Khampa Eastern of China
People Name: Khampa Eastern
Country: China
Language: Tibetan, Khams
Population: 1,597,000
Unreached: Yes
People Cluster: Tibetan
Primary Religion: Buddhism
% Adherents: 0.05 %
% Evangelical: 0.01 %
Progress Status: 1.0
Profile provided by:

Joshua Project
PO Box 62614
Colorado Springs, CO 80962
United States


Introduction / History
The Khampa have a fearsome reputation as the most hostile and violent of Tibetans. The Khampa have a long history of conflict with the Chinese, who annexed most of Kham Province to Sichuan in 1720. "No Chinese dares to enter the territory for fear of being murdered." Military clashes between the two groups occurred in 1918, 1928, and 1932. In 1950 the Chinese captured the town of Chamdo without firing a shot. The Khampa fled in terror when the Chinese set off a huge fireworks display on the outskirts of the town. In late 1955 the Chinese authorities ordered the monks of Litang Monastery to produce an inventory for tax assessment. The monks refused to oblige. In February 1956, the Chinese laid siege to the monastery which was defended by several thousand monks and farmers. Litang and surrounding areas were bombed by Chinese aircraft. In 1959 the Khampa in Lhasa organized a revolt against Chinese rule. "The fighting lasted three days with the Tibetans caught up in a religious fervor, not caring whether they lived or died."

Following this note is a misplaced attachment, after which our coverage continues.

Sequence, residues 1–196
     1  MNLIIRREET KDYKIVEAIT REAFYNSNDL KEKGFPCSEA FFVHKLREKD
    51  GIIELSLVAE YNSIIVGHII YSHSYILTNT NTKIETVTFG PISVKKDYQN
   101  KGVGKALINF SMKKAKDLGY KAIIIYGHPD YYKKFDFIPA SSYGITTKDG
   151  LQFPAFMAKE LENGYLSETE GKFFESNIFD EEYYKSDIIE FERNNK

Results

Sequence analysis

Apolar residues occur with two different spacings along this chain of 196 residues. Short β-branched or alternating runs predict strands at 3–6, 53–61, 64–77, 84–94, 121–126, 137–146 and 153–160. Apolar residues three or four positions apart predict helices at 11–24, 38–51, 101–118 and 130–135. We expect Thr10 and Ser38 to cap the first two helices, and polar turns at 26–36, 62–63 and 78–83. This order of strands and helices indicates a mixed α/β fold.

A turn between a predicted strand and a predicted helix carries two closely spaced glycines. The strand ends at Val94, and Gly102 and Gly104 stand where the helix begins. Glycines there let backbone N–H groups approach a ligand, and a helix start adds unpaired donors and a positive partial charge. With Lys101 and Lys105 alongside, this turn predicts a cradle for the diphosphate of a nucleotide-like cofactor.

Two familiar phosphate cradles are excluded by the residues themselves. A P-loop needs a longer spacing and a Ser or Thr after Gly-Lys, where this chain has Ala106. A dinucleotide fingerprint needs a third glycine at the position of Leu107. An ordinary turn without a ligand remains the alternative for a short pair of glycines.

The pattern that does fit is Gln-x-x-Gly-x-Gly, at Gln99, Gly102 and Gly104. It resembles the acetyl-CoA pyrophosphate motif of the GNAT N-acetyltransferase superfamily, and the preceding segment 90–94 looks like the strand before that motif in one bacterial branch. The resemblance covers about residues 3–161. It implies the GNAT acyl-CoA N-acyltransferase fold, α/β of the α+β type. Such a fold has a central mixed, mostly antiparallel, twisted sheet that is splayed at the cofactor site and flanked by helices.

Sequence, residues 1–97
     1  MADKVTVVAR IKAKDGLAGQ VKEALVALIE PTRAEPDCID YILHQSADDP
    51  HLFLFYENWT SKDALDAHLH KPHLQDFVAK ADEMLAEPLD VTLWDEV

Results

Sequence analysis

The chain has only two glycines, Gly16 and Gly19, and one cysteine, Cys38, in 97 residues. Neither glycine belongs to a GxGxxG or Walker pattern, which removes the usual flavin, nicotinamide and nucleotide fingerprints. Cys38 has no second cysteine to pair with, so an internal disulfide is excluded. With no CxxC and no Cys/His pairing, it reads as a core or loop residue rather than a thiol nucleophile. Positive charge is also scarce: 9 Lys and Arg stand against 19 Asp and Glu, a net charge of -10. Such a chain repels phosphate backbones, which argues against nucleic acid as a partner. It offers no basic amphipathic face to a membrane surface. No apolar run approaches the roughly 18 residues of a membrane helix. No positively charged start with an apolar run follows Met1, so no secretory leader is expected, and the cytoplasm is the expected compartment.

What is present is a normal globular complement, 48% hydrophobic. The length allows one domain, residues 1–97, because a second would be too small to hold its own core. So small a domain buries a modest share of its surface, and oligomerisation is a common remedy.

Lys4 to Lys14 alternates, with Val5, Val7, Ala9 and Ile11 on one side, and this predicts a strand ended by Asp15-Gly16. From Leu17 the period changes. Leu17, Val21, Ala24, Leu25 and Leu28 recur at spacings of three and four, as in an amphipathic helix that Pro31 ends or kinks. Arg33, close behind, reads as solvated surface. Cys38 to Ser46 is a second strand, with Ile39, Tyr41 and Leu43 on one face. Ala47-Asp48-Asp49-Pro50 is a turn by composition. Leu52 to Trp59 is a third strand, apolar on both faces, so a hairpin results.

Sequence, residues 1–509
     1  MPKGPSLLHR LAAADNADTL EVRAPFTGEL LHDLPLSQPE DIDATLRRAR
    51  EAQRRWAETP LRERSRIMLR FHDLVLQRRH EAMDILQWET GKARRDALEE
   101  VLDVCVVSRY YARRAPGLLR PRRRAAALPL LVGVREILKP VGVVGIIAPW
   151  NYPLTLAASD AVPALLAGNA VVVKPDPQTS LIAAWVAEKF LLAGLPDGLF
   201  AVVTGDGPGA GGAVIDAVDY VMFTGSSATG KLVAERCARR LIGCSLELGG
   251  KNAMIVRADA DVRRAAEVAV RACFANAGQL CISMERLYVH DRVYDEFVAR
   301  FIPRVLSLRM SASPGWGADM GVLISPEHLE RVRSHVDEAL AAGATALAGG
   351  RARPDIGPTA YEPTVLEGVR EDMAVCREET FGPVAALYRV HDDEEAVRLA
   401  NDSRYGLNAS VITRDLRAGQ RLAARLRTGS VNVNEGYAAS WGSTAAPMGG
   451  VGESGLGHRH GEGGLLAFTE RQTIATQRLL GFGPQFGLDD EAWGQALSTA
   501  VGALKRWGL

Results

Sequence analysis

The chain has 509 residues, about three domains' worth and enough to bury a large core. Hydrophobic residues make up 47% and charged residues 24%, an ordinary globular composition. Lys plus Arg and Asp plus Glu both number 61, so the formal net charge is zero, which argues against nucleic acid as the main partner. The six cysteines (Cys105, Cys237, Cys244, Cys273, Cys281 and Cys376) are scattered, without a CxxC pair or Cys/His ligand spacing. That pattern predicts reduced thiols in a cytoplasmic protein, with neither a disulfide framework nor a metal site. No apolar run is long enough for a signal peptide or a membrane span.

What are their lives like?
Sexual immorality among the Khampa is considered normal behavior. A 1950s survey "found the rate of venereal diseases was 40% in peasant areas and 50.7% in pasture areas."

What are their beliefs?
The Khampa, like all Tibetan groups, are devout followers of Buddhism.

Catholic work among the Khampa commenced in the mid-1800s. The Catholic mission at Batang Township was demolished in 1873 and 1905 - after two priests had been killed and converts who would not deny their faith were shot. By 1924 the mission numbered 2 bishops, 15 French missionaries, and 4,800 baptized converts of whom "about two-fifths were Tibetans." Today there are 200 Khampa Catholics near Kangding and some near Batang and Yajiang. Protestant work among the Khampa commenced in 1897. The missionaries ran hospitals, schools, and orphanages, but saw little fruit. By 1922 the Protestant station at Batang had won ten converts.

What are their needs?
Without the guidance of Christ, these people will be lost in this life and the life to come. They need someone to go to them as Christ-bearers.

Prayer Points
Pray for the spiritual blindness and bondage to the evil one to be removed so they can understand and respond to Christ.

Pray for the Lord to provide for their physical and spiritual needs as a testimony of his power and love.

Pray that the Khampa people will have a spiritual hunger that will open their hearts to the King of kings.

Pray for an unstoppable movement to Christ among them.

Khampa Eastern of China